PVC raw material costs in December fell $0.035/lb with an additional $0.015/lb in January due to ethylene. February costs are forecast close to flat to down, but are $0.07/lb below December 2013 levels. Pricing is up $0.04/lb over the same period before discounts, indicating a margin gain of up to $0.11/lb due to short PVC supplies and ethylene escalations in 2014.

Overall demand fell 7% in January and is 9% lower than a year ago. Inventories in January were 11% lower than a year ago. Domestic demand improved 5% in January but was 8% below a year ago.
Spot ethylene prices ended the week down after a slight uptick, with the monthly average price still below that of January. The Williams Geismar unit has actually produced ethylene for sale this week; the first sale in nearly two years.

RTi PVC Outlook and Suggested Action Strategies

30 Days: Leverage lower feedstock and export prices along with slowed demand (seasonal & export) to offset planned supply constraints to secure a price reduction in February. Look for incentives to buy additional volume despite outages as the export market will continue to be low cost overseas from oil. 60/90 Days: As ethylene supplies strengthen and export PVC demand remains difficult, look to push out defensive increase nominations while looking for roll back opportunities of more of the 2014 increases, while keeping an eye on the impact of planned outages.

In the PET market, February contracts have not settled, but are projected to settle close to flat.

Ports along the west coast of the US will be shut down over the weekend and through Monday as labor contract negotiations continue. Slowed productivity in recent time has led to delayed deliveries.

Delayed PET from Asia has caused an increase in domestic spot prices. This tightened availability could provide more leverage for US producers in negotiating February PET contracts, if the port issues are not resolved in reasonable time.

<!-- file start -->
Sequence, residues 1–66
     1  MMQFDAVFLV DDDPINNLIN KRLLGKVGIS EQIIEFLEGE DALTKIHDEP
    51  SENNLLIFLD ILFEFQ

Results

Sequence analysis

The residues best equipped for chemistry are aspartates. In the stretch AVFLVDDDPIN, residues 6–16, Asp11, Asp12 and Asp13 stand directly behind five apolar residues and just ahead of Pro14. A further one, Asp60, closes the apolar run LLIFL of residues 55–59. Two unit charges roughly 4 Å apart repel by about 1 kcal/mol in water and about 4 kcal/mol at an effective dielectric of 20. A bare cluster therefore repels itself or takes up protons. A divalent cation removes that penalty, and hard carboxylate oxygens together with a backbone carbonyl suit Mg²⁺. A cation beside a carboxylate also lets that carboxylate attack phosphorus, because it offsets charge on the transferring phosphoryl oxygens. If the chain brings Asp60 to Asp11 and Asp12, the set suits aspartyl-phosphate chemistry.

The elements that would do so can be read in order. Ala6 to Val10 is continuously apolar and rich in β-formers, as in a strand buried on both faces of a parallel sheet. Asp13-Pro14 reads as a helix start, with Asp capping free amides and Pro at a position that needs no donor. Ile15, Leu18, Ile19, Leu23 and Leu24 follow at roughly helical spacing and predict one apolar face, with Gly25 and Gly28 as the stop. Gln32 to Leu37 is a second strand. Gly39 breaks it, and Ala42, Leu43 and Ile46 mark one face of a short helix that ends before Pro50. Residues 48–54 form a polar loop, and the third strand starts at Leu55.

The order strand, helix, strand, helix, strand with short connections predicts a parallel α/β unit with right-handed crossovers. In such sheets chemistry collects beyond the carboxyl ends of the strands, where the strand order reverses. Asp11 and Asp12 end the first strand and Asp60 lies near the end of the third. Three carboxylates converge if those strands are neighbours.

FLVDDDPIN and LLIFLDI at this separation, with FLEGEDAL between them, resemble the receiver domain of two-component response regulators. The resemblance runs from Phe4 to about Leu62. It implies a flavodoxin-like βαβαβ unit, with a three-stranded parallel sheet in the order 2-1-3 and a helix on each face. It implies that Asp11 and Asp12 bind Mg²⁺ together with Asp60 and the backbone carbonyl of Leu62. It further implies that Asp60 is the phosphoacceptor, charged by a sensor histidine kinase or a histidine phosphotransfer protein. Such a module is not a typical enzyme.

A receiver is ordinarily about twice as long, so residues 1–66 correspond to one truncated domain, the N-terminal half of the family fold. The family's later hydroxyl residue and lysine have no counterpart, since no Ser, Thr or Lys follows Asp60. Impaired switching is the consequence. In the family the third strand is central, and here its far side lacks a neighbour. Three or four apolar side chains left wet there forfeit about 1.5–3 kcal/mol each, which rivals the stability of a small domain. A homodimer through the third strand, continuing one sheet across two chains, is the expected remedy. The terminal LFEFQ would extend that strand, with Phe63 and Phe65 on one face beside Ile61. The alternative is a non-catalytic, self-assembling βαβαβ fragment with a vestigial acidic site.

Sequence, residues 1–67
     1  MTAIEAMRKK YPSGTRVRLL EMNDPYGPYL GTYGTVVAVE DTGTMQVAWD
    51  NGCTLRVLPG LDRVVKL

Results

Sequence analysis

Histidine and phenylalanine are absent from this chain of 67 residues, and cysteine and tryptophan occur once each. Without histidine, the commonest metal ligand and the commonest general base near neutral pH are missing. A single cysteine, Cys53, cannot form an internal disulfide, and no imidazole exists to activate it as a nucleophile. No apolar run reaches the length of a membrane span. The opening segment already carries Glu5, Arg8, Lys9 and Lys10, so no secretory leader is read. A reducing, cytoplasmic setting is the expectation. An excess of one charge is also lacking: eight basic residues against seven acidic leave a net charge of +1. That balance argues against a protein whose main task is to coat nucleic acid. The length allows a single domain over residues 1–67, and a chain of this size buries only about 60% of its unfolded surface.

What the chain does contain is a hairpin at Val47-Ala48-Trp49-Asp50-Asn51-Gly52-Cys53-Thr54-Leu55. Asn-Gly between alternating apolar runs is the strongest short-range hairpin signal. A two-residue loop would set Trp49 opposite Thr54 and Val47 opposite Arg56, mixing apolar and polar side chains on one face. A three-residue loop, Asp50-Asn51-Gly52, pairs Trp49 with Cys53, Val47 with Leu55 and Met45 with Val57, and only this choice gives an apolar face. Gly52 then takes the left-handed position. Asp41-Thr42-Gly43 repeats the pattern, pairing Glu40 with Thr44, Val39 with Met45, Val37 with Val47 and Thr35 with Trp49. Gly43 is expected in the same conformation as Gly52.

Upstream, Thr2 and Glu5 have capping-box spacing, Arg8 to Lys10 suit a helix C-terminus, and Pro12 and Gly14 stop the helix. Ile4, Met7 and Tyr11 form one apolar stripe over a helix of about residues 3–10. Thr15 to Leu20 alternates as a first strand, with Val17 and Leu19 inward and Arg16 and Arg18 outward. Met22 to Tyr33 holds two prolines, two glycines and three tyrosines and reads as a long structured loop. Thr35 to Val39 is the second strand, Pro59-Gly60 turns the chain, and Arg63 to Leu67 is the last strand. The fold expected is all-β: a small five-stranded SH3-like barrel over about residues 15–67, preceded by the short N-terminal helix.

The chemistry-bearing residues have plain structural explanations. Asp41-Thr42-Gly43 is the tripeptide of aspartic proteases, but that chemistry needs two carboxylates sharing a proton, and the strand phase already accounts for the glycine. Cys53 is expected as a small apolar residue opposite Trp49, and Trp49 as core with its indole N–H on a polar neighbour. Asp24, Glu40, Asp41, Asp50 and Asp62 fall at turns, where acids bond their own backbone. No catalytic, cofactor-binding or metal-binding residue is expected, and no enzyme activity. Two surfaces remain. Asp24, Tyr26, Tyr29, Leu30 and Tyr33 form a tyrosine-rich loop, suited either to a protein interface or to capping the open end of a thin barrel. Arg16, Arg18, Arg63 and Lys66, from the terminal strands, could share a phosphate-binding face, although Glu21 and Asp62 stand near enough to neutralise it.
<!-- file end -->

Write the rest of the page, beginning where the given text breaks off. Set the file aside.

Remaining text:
Demand has been expected to resurface this month as resin prices are potentially bottoming out. Seasonal demand is expected to add upward pressure to prices in the coming months.

The crude oil markets remain volatile, but have seen some overall strengthening over the past week. WTI prices are up over $50/bbl, with Brent futures up over $60/bbl. However, fundamentals of the oil markets do not suggest any strong, sustainable increases at this time.

Much of the reductions in crude oil prices have translated to the PET markets. Raw material costs appear to be stabilizing, and have the potential to settle close to flat this month.

Paraxylene contracts remain unsettled for the month, but based on the current spot markets, another decrease is unlikely. A settlement is expected next week.

PTA also remains unsettled, but will move similar to PX. There are reports that BP’s Cooper River PTA plant issues are largely resolved, and should have any adverse impact on the market going forward. PTA in Asia has seen some firming as downstream PET production rates remain strong.

PET pricing in Europe, on a dollar basis, has gotten very cheap as the euro lost so much strength. This could deter imports from Asia, and leave more material available for the US, if needed.

RTi PET Outlook and Suggested Action Strategies

30 Days: February PET prices are projected mostly flat from January. If flat or even down pricing is available, building inventory is advised. The downside potential in the next couple of months appears limited. 60/90 Days: If all port issues are resolved and demand in Asia remains at average levels, PET increases will be limited or avoided. However, any serious oil moves in either direction can take immediate control once again as the primary driver.